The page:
Reginald Griffiths Gill

Reginald Griffiths Gill. He was a Signaller onboard the SS Strathallan

Story kindly sent by Jean (daughter) of Reginald

The following quotes are from my mother’s memoirs. Billie Gill, born 1923, married my father in Esk, Qld in April 1943.

Reginald Griffiths Gill. He was a Signaller onboard the SS Strathallan

Reginald Griffiths Gill. He was a Signaller onboard the SS Strathallan

“On 12th of February they packed up in Palestine and travelled all night by train, to camp at Bitter Lakes.

On 17th it was pack up again and with an issue if Canadian beer, terrible stuff according to Jack Wheeler, and then the tugs took them out into the harbour to board the troop carrier Strathallan, which was a converted 24,000 ton passenger liner. It was packed to the roof with troops, and thankfully the food was good. Not a bad effort making decent food for that many people on the confined space of a ship — and I expect there was hundreds of crew as well.

On 19 February 1942 they departed from Suez, and headed towards South East Asia, and the Dutch East Indies, where they were to be landed.

But the Japs got to Java before them. As I’ve always heard it, one or both of the couple of ships ahead of the Strathallan were captured. The Strathallan captain saw what was happening and turned tail and ran. The rest of the convoy following behind the Strathallan followed suit and turned tail and ran. Well, it makes a good story,

Whether true or not. Reg always said they didn’t know that the Japs were already there, so what was intelligence doing? Didn’t they have communications with ships at sea in convoy? Reg said they then went as fast as they could go, with no naval escort, away down south into the very cold water almost to the Antarctic Convergence, and then back up to Fremantle.

In the many books I’ve read about the 6th and 7th Division’s return to Australia I have never seen this episode mentioned, but men from Esk (eg Stella Findlay’s husband) who had been in the Middle East were captured at Java while returning from the Middle East and later worked on the Burma Road.

It seems a funny idea to go away down into the Antarctic when Fremantle was so close to Java anyway.

What confusing stories are so often told—and they were told right afterwards too.

Reg Gill from army paybook

Reg Gill from army paybook

Thing is, that the rank and file usually knows nothing about the wider picture—Reg used to say that as signallers—they knew a lot more of the facts than the fighting soldier who knew little of what was happening. I can understand that. And so much stuff in the newspapers only comes from such sketchy incorrect source to be prettied up by the reporter to make a good story.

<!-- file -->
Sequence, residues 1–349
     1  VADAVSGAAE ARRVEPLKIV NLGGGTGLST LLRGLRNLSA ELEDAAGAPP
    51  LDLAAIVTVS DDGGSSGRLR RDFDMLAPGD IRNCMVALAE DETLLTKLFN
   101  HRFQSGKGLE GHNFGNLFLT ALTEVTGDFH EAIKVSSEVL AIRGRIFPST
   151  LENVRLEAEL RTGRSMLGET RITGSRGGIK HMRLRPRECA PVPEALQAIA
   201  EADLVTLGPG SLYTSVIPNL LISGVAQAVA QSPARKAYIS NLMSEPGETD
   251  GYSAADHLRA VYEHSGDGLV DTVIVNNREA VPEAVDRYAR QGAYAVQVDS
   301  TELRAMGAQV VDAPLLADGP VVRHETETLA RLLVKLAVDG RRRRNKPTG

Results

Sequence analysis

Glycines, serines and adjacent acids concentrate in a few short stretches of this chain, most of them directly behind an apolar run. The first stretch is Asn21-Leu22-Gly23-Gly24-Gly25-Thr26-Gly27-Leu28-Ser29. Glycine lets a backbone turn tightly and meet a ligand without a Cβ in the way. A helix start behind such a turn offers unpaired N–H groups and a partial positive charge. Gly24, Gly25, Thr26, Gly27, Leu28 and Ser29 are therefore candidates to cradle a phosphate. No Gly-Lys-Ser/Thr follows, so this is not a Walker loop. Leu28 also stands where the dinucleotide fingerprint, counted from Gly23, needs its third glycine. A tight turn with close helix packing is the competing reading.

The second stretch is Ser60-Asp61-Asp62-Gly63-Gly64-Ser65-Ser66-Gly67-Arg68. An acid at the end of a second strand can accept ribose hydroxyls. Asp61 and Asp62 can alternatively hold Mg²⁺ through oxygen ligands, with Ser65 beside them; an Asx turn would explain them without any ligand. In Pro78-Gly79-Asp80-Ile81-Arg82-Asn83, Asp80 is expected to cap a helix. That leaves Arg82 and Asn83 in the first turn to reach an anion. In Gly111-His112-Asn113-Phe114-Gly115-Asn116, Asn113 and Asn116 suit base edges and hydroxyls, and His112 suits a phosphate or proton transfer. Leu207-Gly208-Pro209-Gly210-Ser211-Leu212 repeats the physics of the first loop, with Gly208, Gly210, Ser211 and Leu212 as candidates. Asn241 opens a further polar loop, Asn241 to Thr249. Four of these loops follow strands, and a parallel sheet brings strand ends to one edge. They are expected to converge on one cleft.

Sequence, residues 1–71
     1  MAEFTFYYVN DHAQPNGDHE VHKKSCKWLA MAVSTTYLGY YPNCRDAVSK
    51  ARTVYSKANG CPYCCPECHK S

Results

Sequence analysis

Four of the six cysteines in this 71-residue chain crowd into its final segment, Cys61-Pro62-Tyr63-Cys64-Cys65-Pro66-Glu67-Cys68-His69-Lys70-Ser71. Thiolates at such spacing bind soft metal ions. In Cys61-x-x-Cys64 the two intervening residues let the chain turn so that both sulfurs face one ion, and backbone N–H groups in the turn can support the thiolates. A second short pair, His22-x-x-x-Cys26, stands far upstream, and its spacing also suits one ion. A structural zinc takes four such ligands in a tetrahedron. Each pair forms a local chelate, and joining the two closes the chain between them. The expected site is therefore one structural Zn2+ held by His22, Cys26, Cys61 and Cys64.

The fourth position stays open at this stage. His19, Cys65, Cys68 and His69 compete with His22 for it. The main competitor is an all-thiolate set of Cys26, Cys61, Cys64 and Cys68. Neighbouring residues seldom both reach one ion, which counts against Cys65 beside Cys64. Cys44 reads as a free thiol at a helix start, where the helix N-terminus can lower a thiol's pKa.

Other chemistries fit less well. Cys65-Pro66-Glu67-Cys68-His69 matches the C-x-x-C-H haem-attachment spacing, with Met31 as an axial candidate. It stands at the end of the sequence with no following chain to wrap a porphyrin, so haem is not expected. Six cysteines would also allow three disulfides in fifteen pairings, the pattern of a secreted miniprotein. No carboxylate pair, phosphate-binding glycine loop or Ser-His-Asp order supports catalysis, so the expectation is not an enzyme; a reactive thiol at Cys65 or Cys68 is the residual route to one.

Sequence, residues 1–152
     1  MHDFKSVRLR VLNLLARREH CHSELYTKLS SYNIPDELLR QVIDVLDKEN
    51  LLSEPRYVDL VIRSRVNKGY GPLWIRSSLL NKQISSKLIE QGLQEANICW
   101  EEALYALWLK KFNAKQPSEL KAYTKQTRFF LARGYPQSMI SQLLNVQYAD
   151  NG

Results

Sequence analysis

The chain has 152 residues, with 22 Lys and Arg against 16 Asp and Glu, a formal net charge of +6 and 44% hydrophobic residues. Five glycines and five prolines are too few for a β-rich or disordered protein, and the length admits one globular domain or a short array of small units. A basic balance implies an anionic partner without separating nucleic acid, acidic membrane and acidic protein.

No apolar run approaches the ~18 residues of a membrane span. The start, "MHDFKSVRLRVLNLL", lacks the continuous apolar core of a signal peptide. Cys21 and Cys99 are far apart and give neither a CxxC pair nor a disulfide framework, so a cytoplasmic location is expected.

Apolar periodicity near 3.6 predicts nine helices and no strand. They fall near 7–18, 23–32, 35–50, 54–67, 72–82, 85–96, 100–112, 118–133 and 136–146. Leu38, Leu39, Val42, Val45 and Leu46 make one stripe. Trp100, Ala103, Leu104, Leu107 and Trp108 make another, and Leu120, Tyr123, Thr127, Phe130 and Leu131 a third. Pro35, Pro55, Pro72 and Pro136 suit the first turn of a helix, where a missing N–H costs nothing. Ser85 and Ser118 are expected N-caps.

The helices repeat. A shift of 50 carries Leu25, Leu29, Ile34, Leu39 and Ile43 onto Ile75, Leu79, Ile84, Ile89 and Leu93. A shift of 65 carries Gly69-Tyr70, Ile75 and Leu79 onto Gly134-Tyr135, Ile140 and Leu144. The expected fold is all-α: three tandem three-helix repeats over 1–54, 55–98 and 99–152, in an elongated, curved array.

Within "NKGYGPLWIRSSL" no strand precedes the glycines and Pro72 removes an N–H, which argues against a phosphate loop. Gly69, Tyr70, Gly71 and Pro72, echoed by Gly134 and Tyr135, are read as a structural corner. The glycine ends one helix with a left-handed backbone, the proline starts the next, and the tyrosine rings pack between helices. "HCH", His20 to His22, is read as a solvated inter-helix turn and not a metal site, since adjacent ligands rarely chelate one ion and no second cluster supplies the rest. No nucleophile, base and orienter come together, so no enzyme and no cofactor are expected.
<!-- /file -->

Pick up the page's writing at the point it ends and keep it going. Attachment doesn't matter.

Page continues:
11th March 1942 at Fremantle everyone crowded onto one side of the liner till it got a terrific list to starboard so all were glad when a ship pulled out and they were able to slip into a berth. Soldiers were sliding overboard and down ropes before anyone could say jack or the MP’s knew what was on.

Everyone was granted leave for Perth till midnight and that fixed everyone up. Reg and company returned laden with apples and peaches and the boat sailed on 12th March 1942 with 47 still AWL—the convoy was led out of Fremantle by a Yankee Destroyer.
On 17th March they disembarked in Adelaide—where they would all be billeted in private homes in the Payneham area where they stayed for 8 weeks until the Australian Government could catch their breath and decide what to do with them—so unexpectedly returned to their home shores were the men from the Middle East. They had been expected to be taken to Indonesia to fight the Japs but the Japs beat them to Java and a couple of ship loads sailed right into the trap and became Jap POW.”

Another quote: “Anyway there was this set of Strathallan cutlery Reg had pinched off the ship on which he came home from Egypt. I saw them with my own eyes, and he offered them to Mum and for once she said ‘No thanks, you’ll be wanting them yourself when you come home.’ So Reg put his set of branded Strathallan cutlery back in his kitbag and they went into army store—and he never saw them or the bag again.”

What a family treasure that cutlery would be if we had it today!